This weekend, I spent Sunday afternoon experimenting with solutions for historical mapping with Mia Ridge, a digital humanist and doyenne of hack days. We staged our own mini hack day to work through some of the challenges involved with the mapping side of my project on Parisian parishes, a major component of which involves geolocating demographic data to map the neighbourhoods in which artists lived in 18th-century Paris.
Over the past few years I’ve done the archival digging to come up with the data and now I’m at the stage of looking for the best ways to visualise it, both for research purposes (i.e. for me to use while thinking through and writing up the results) and for publication (i.e. how do you get copyright to publish a map in a book or journal article when you’ve built it on a commercial service like Google Maps?). Today we were mainly focusing on the first problem as it seemed the easier of the two, but ideally there’ll be a single solution for both.
I experimented with two websites, Georeferencer and Hypercities, both of which I’ve used in the past, but today I was hoping to explore some more of their features. In the end, however, while both have some useful functionalities, neither was perfectly suited to my requirements (though it must be said that Hypercities seemed to have a bug that was preventing data from being saved so it was difficult to explore far). As you can see from the screenshot of my results with Georeferencer, I successfully georeferenced a fragment of an 18th-century map on Google Maps… but there was no way to geolocate historical data on it.
Mia experimented with Metacarter and Mapwarper, and has written up her results and experiences over at Open Objects. I have a major problem with sites like Metacarter because everything you produce is publicly visible, which obviously makes it very difficult when you’re working with unpublished data. Most sites allow the option of keeping the maps you make restricted and that makes more sense for academics using these sites for research purposes. I’m excited to share my research when it’s complete, but I’d like to have control over what happens in the meantime.
|Administrative map of Paris, 1890 (Uni of Chicago Library)|
So all-in-all I didn’t discover the ideal open-access resource in a single afternoon (shock-horror) and for now I’ll just have to keep going with the methods I’ve been using. But I have been able to pinpoint more accurately what it is that I’m looking for and what challenges I face in finding it. And as a happy bi-product we also discovered lots of wonderful sites providing access to historical maps that I hadn’t encountered before, like the David Rumsey Map Collection and a great collection of 19th-century maps of Paris at the University of Chicago Library (most in high resolution with zoomify for getting into the detail of street level, as you can see in the screenshot).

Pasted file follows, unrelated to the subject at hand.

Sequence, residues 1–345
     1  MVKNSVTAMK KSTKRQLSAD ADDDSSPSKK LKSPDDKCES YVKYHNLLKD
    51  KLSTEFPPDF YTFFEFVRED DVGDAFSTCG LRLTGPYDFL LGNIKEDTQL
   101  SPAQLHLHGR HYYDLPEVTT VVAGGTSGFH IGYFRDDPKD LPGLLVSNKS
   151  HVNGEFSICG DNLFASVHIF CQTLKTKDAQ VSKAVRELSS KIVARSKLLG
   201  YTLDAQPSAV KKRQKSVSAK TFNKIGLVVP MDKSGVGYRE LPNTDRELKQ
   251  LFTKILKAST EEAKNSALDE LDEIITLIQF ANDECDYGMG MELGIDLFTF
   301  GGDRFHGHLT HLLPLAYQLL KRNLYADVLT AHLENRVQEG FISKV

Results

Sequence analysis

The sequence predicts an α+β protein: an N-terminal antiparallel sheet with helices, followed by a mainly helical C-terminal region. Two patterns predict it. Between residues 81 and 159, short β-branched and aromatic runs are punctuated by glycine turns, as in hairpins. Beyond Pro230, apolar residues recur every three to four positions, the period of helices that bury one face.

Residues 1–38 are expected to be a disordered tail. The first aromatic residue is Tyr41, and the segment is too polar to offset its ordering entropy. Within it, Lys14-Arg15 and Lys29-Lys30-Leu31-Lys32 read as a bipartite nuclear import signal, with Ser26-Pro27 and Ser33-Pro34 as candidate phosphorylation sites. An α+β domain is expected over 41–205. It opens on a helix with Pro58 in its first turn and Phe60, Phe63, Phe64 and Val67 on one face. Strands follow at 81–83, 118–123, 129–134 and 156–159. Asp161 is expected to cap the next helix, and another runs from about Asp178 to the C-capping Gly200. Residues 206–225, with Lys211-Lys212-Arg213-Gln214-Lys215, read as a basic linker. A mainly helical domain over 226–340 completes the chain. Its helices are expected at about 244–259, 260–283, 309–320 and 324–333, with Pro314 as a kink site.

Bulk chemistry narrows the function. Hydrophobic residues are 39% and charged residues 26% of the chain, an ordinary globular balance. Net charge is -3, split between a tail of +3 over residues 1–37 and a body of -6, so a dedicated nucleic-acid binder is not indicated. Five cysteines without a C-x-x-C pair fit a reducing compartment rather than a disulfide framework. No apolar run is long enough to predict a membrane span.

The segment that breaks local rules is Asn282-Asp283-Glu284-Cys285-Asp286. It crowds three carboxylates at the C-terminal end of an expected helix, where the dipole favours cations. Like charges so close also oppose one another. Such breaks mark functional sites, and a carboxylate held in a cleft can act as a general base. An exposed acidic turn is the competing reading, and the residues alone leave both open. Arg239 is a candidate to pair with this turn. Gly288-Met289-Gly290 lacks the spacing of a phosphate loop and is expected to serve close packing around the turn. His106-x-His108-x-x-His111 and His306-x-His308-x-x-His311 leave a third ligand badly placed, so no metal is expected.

Katie Scott and I have been taking Artists’ Things out and about with two presentations already this year and another booked in. Our formula for these dual presentations seems to be working quite well – the feedback so far has been great and we’ve had some dynamic discussions and really useful leads. Each paper begins with one of us giving an introduction with a conceptual frame that sets up the themes that will emerge from the interventions to come – then we each take one object from our collection and present them in dialogue, one after the other.
For the CRASSH ’18th Century Things’ series in Cambridge, we explored the materiality of artistic practice through two professional tools – Fragonard’s colour box and Houdon’s modelling stand, and for AAH2012 at the Open University we looked at everyday life in the French Royal Academy through two institutional objects – the secretary’s document box and the concierge’s register of funeral invitations. The next stop for us is going to be Lyon for the Luxury and Trade Conference this November, where we will be talking about (you guessed it) artists’ luxury possessions. Through Boucher’s shell collection and Coypel’s gold watch, instead of the more conventional image of the artist as a producer of luxury goods, we will explore the artist’s role as a consumer.
If you’re interested, you can listen to our CRASSH presentation in the 18th Century Things audio archive, where you’ll also find lots of other stimulating papers on 18th-century ‘stuff’. Abstracts for the papers can be found on the Artists’ Things website.
With a couple of hours to spare in Paris on a research trip last month, I went to Comédie Française s’expose at the Petit Palais. The exhibition recounts the history of the Comédie Française through its visual and material remains, tracing the life of the company from its beginnings under Molière in the 17th-century to its revered state today. All is presented through a chronological arrangement of objects including props and costumes; set designs (a whole room of them); theatre buildings; a manuscript ledger – Extraict des Receptes et des affaires de la Comédie depuis de l’année 1659 – recording the daily business of the company; and a jeton probably used as a voting token in company meetings. There were also many portraits of Comédie Française actors and playwrights forming a who’s who of French theatre through the ages.